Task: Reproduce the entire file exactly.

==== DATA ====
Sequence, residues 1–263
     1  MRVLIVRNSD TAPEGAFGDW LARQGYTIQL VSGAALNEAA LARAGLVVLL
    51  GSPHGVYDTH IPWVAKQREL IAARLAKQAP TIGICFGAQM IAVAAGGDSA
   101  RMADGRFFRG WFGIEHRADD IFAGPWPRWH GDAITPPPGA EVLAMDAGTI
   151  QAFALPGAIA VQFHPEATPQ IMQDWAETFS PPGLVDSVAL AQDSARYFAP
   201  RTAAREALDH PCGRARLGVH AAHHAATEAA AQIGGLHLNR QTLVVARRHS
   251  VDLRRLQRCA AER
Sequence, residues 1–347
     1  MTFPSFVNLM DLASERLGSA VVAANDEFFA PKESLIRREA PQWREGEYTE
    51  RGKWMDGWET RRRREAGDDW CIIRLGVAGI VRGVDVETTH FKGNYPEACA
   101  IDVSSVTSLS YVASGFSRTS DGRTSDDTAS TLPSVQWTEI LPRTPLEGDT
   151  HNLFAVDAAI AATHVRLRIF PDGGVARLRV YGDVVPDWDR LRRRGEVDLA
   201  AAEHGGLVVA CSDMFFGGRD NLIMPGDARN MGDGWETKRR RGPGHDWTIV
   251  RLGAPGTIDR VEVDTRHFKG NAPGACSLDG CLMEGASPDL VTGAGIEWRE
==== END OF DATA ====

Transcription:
Sequence, residues 1–263
     1  MRVLIVRNSD TAPEGAFGDW LARQGYTIQL VSGAALNEAA LARAGLVVLL
    51  GSPHGVYDTH IPWVAKQREL IAARLAKQAP TIGICFGAQM IAVAAGGDSA
   101  RMADGRFFRG WFGIEHRADD IFAGPWPRWH GDAITPPPGA EVLAMDAGTI
   151  QAFALPGAIA VQFHPEATPQ IMQDWAETFS PPGLVDSVAL AQDSARYFAP
   201  RTAAREALDH PCGRARLGVH AAHHAATEAA AQIGGLHLNR QTLVVARRHS
   251  VDLRRLQRCA AER
Sequence, residues 1–347
     1  MTFPSFVNLM DLASERLGSA VVAANDEFFA PKESLIRREA PQWREGEYTE
    51  RGKWMDGWET RRRREAGDDW CIIRLGVAGI VRGVDVETTH FKGNYPEACA
   101  IDVSSVTSLS YVASGFSRTS DGRTSDDTAS TLPSVQWTEI LPRTPLEGDT
   151  HNLFAVDAAI AATHVRLRIF PDGGVARLRV YGDVVPDWDR LRRRGEVDLA
   201  AAEHGGLVVA CSDMFFGGRD NLIMPGDARN MGDGWETKRR RGPGHDWTIV
   251  RLGAPGTIDR VEVDTRHFKG NAPGACSLDG CLMEGASPDL VTGAGIEWRE